Professor Per Lundberg is the Proceedings B Reviews Editor. Proceedings B welcomes unsolicited review proposals but all reviews must first be agreed by the Reviews Editor for submission. All published reviews are free to access.
Proposal structure and submission
- Length approximately equivalent to 1 side of A4
- Should include a structural outline with sub-headings to briefly explain description of content.
- Must succinctly identify the core issue(s)/controversy in less than 300 words and make a case for its relevance to a wide scientific audience in less than 200 words.
We particularly encourage reviews that generate innovative and testable ideas, and constructive discussions and/or critiques of fields. The conceptual point of the review should be contextualised by a review of the field, but ultimately the manuscript should focus on the novel, and preferably testable, insight. Potential authors should bear in mind that Proceedings B serves a broad biological audience: making your review accessible, and relevant, to such an audience is strongly encouraged.
Proposals should be submitted via email to firstname.lastname@example.org, addressed to the Reviews Editor, Professor Per Lundberg.
Acceptance of a proposal will result in the editor and author(s) agreeing a submission deadline and the agreed review should be submitted when ready to ScholarOne Manuscripts, selecting 'Review' as the article type. All reviews are subject to independent peer review, with no guarantee of acceptance.
Review article structure
Review articles should be between 6-10 printed pages. As a rough guide, 850 words = 1 page or 2-4 figures = 1 page. Please note that the title page, abstract, references and figure legends are all included in the word count.
There are no page charges levied for Review articles accepted in Proceedings B and there are no colour charges for the use of necessary colour. For further information on journal style and formatting please refer to our guide on preparing your article.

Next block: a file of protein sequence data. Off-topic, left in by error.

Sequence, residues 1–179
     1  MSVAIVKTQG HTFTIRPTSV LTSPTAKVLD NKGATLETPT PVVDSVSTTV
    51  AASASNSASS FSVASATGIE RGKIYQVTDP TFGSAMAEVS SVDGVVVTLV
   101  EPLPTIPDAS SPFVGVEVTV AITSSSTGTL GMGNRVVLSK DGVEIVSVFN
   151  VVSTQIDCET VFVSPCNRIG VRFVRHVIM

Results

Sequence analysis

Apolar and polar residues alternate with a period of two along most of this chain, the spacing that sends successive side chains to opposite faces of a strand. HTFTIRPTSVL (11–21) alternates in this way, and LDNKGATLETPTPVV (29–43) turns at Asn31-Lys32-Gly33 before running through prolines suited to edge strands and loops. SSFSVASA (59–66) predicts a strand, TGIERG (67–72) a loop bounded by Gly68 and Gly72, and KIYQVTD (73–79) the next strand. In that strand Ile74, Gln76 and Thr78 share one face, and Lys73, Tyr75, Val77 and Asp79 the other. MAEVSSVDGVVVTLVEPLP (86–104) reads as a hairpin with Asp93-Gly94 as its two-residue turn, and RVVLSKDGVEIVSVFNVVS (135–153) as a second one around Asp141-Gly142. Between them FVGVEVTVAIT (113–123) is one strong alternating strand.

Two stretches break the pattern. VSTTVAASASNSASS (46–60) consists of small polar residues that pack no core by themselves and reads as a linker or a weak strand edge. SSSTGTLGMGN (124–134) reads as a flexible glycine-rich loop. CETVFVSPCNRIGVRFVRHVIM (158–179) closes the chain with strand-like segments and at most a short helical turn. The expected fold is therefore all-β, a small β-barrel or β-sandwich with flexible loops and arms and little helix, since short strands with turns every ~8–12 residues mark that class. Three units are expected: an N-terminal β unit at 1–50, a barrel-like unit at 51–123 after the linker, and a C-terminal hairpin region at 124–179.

In 2012, Proceedings B decided to add an extra dimension to the journal's review portfolio by publishing a special review written by leading authors in the field, known as the "Darwin Review". The aim of the “Darwin Review” is to showcase ideas and/or a field in biological science that is of very high interest to the whole diverse readership of Proceedings B, often being of particular relevance to strategic growth areas, importance to policy makers and/or having a bearing on the public that fund our science.
The following Darwin Reviews have been published in Proceedings B to date and are FREE to access:
Evolutionary medicine: its scope, interest and potential
by Stephen C.Stearns
Running with the Red Queen: the role of biotic conflicts in evolution
by Michael A. Brockhurst, Tracey Chapman, Kayla C. King, Judith E. Mank, Steve Paterson and Gregory D. D. Hurst
The extended evolutionary synthesis: its structure, assumptions and predictions
by Kevin N. Laland, Tobias Uller, Marcus W. Feldman, Kim Sterelny, Gerd B. Müller, Armin Moczek, Eva Jablonka, John Odling-Smee
Why Darwin would have loved evolutionary game theory
by Joel S. Brown
Canadian Society for Ecology and Evolution Reviews
Proceedings B has established an association with the Canadian Society for Ecology and Evolution (CSEE), who publish annual Invited reviews in the journal, written by former presidents and biannual award winners.
The following CSEE Invited Reviews have been published in Proceedings B to date and are FREE to access:
Experimental genomics of fitness in yeast
by Graham Bell (Published in 2010; former president of the CSEE)
Of lemmings and snowshoe hares: the ecology of northern Canada
by Charles J. Krebs (Published in 2010; CSEE biannual award winner)
Adaptation and habitat selection in the eco-evolutionary process
by Douglas W. Morris (Published in 2011; former president of the CSEE)
The dilemma of controlling cultural eutrophication of lakes
by David W. Schindler (Published in 2012; CSEE biannual award winner)
The evolution of plant reproductive systems: how often are transitions irreversible?
by Spencer C.H.Barrett (Published in 2013; former president of the CSEE)
Statistical methods for temporal and space–time analysis of community composition data
by Pierre Legendre (Published in 2014; CSEE biannual award winner)
Thresholds for impaired species recovery
by Jeffrey A.Hutchings (Published in 2015; former president of the CSEE)
by Graham Bell (Published in 2016; CSEE biannual award winner)